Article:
MIS is currently focusing on four programs: Incubateur civique, an incubator that promotes prototyping and maturing ideas for social and environmental impact projects; Innovateurs sociaux en résidence, a residency program that immerses teams of social innovators in local development organizations, public institutions, and businesses; Tangram, a free digital platform for social innovators and aspiring social entrepreneurs; and Villes d’avenir, a program that welcomes social research and development activities in urban centres.
MIS also produces Raccords, a free digital newsletter that it publishes every two months, filled with content on various social innovation topics.
“MIS’ activities are complementary,” says Patrick Dubé, co-executive director. “Its specificity is in its desire to reveal the potential synergy between the unusual suspects and the ecosystem to boost the expected positive impact.” By connecting project leaders to various ecosystem stakeholders and levers, and by better capturing ideas that target both social and environmental impact, MIS has the ambition to establish itself as a structuring link in Quebec’s chain of social innovation.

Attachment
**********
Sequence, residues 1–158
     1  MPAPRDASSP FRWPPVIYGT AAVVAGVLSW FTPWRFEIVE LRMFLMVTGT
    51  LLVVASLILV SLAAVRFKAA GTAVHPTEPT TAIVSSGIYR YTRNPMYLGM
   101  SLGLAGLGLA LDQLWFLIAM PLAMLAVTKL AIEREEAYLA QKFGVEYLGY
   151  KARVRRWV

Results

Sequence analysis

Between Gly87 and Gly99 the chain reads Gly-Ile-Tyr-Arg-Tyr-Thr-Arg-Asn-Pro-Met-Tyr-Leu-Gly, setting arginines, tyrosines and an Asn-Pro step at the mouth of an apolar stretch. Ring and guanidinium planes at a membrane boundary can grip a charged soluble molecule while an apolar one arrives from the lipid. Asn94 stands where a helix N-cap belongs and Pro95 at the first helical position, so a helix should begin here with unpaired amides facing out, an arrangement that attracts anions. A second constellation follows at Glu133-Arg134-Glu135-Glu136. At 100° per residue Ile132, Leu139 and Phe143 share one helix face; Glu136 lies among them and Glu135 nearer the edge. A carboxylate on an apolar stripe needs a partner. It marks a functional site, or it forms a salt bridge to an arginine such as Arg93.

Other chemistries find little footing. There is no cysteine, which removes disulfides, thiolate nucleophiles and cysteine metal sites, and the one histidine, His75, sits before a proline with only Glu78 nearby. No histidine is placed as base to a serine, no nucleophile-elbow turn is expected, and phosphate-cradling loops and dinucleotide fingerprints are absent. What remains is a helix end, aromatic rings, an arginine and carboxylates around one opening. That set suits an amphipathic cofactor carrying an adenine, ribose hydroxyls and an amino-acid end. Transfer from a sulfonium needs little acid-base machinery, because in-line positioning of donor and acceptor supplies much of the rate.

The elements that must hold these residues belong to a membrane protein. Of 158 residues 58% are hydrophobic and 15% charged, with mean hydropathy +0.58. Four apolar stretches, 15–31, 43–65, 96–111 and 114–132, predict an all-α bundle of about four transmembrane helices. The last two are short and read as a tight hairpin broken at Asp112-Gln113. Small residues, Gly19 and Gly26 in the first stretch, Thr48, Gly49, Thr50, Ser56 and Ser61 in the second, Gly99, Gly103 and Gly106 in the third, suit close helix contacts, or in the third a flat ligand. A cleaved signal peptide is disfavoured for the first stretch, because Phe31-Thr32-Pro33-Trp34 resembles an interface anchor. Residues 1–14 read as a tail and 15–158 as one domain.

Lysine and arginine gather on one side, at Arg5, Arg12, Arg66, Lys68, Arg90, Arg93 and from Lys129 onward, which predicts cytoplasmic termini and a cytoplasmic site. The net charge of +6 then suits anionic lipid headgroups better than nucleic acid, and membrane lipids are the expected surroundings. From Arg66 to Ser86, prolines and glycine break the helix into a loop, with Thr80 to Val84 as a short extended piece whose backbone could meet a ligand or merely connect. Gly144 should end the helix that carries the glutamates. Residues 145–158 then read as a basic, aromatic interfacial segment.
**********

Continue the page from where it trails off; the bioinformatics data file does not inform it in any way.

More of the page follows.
Fillactive quite literally started out as an accident. At age 22, elite cyclist Claudine Labelle was struck by a car during training and sustained a severe head injury. She had to give up her dreams of becoming an Olympian. Forced to rethink her entire existence, she chose to focus on raising girls’ awareness about the benefits of physical activity.
In the first years, Labelle’s mission led her to speak at school conferences. Though she was successful, she recognized a greater need. School sports were simply not adapted for girls, leading one in two to drop out of sports during puberty. This gave rise to the first Fillactive program.